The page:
Legendary Patriots Coach Admits Team Needs WR Like Jets’ Braxton Berrios

Braxton Berrios

Getty New York Jets wide receiver Braxton Berrios on January 2, 2022.

The rivalry between the New York Jets and New England Patriots is one of the most bitter in all of sports.

Each fanbase despises one another and Bill Belichick has never been shy about his hatred for the Green & White after his famously mysterious resignation from the franchise on January 4, 2000.

Let’s just say, it’s not uncommon that Belichick has attempted to “poach” players from the Jets and vice versa. History has generally favored New England in this regard, since Belichick’s arrival in 2000, but it appears Gang Green may have finally stuck one to the future Hall of Famer.

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‘Scar’ Second-Guesses Belichick

Dante Scarnecchia might be the most legendary offensive line coach the game has ever seen, and he was a close confidant on Belichick’s staff up until he retired in 2020 — aside from a brief NFL absence during the 2014 and 2015 seasons. He also served as the franchise’s assistant head coach for 14 years from 2000-13.

Now, Scarnecchia is just a spectator and he had some thoughts on why the Patriots struggled offensively in 2021. During an interview with Karen Guregian of the Boston Herald, the OL coach criticized the New England receiving core.

“We’ve always had that guy, a guy who moved the chains,” Scarnecchia told Guregian. “Whether it was Wes Welker, Julian Edelman, Danny Amendola when all else failed, he was that guy. But they don’t have that guy right now.”

Our very own Heavy on Patriots reporter Brian Mazique described this kind of player as a “dependable slot receiver who is also the gadget guy and chain-mover in tough situations.”

Tom Brady loved guys like this and it only makes sense that they’d also serve as an asset for Mac Jones. “They gotta get a better supporting cast around [Jones],” Scarnecchia reiterated to Guregian. “They don’t want to hear that, but that’s the truth. Other than Jakobi Meyers, who do they got?”

Later in the interview, Jets slot receiver and All-Pro returner Braxton Berrios was brought up as the potential “heir” that got away from Belichick. “He’s just like those guys,” Scarnecchia explained. “He gets open. He can run the reverses. People in New York think he’s the greatest thing since sliced bread.”

Remember, New England selected Berrios in the sixth round of the 2018 NFL draft, only to cut him in 2019 after a rookie season on the injured reserve. The theory was that Belichick was hoping to sneak the shifty weapon onto his practice squad, before Jets GM Joe Douglas swooped in and plucked him off waivers — along with Los Angeles Rams cast out John Franklin-Myers.

What a haul!

Now, with Berrios approaching free agency, many believe Belichick might try and correct his 2019 mistake — Mazique included. “It would be an interesting reunion of sorts if Berrios and the Patriots come back together. If he has the chops to become Jones’ binkie, New England should strongly consider making a phone call to his agent,” wrote the Heavy on Patriots reporter.

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Jets Can Prevent This From Happening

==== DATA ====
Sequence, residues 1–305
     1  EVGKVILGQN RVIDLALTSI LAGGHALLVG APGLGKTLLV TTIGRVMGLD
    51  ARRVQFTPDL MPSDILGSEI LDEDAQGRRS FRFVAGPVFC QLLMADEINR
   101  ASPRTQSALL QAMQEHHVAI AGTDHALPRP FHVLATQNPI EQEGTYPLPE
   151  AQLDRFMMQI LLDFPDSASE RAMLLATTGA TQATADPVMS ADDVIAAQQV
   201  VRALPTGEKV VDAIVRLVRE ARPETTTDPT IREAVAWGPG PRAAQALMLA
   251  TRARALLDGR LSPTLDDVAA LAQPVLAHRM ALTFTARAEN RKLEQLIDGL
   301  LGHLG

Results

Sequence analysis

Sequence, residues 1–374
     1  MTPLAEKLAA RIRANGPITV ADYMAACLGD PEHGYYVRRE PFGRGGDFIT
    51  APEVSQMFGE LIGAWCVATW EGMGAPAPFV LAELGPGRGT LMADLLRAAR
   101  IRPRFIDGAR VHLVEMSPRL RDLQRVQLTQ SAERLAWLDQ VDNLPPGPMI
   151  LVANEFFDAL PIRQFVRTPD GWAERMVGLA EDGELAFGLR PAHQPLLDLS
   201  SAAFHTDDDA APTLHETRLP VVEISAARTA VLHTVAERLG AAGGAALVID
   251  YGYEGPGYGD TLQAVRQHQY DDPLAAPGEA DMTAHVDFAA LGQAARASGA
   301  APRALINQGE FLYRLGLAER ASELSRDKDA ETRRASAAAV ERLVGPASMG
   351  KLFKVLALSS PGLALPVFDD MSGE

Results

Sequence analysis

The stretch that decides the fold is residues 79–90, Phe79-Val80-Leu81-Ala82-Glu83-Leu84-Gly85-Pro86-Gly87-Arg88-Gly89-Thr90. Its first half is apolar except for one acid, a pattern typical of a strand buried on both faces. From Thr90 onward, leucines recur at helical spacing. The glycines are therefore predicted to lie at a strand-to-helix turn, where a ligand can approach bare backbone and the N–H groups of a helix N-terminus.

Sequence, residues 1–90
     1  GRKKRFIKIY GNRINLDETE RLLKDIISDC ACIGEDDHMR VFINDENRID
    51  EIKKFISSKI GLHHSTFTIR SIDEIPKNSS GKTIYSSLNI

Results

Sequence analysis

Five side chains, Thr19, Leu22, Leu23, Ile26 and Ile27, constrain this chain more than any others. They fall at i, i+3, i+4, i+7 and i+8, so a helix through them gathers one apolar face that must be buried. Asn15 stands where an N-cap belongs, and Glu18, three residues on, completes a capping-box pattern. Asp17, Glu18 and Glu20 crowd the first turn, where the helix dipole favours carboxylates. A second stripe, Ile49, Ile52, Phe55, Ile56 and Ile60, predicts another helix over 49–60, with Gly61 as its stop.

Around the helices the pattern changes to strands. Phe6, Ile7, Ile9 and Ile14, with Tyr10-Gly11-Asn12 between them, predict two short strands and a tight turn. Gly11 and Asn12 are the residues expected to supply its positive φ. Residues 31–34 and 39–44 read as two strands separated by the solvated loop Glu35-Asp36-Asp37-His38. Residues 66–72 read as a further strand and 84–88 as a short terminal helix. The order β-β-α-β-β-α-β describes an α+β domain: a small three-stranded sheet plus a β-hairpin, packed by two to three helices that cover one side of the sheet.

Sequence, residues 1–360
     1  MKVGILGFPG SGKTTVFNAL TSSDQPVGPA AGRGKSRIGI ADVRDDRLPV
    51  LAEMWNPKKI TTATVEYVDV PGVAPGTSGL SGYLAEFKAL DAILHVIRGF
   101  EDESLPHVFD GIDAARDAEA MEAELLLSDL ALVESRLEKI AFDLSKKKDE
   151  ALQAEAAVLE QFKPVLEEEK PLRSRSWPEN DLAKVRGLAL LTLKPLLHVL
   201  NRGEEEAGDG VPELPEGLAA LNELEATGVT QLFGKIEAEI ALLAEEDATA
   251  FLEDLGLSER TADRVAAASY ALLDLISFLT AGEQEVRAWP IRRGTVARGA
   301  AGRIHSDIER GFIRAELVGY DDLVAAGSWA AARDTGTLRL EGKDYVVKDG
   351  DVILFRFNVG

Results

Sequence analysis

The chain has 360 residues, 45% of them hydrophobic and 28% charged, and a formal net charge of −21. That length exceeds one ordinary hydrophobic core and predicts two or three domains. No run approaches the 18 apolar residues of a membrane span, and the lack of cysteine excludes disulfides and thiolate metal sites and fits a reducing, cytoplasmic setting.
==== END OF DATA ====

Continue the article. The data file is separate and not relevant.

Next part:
On January 3, uSTADIUM leaked news that Douglas and Berrios had started extension talks and the wide receiver has made it clear that the Jets can prevent him from hitting the open market for the right price. He also confirmed that contract talks had begun during a spot with Barstool Sports’ hit-podcast “Pardon My Take.”

When pressed by co-hosts Eric Sollenberger [PFT Commentator] and Dan Katz [Big Cat] on whether he’d take a pay cut to remain in New York, Berrios gave a worrisome response.

“We’ll see what happens,” answered the Jets free agent, shutting down all on-air contract chatter. Earlier in the interview, when asked whether his All-Pro honor would help him profit in 2022, he also agreed that it should.

No one can blame the 5-foot-9 wide receiver for wanting to cash out on an extremely efficient season considering his WR snap count (390) and production on both special teams and offense.

  • 46 receptions for 431 yards, two touchdowns, 21 first downs, 70.8 catch percentage, zero charged drops.
  • Seven rushes for 40 yards, two touchdowns, three first downs.
  • 28 kick returns for 852 yards, one touchdown, 30.4 yards per return.
  • 15 punt returns for 201 yards, 13.4 yards per return.
  • 1,524 all-purpose yards, five touchdowns.

Spotrac projects Berrios to earn $23.69 million over a four-year deal. That’s a little over $5.92 million per season. I personally think it may take between $6-7 million per year to get this done.

Considering the Jets rank fifth in NFL cap space, this seems manageable to me considering his chemistry with Zach Wilson and his understanding of a notably complex playbook — see Denzel Mims.

Keep in mind, no one outside those negotiations truly knows the number that Berrios is looking for and no one knows what Douglas has offered either. Although, the Jets GM does have a reputation for pinching pennies.

For a 26-year old weapon that can be used in four different ways by coordinators Mike LaFleur and Brant Boyer, I’d say Berrios is worth that $6-7 million per year average, but no higher. It’s time to silence any Pats’ reunion talk and get this deal done.

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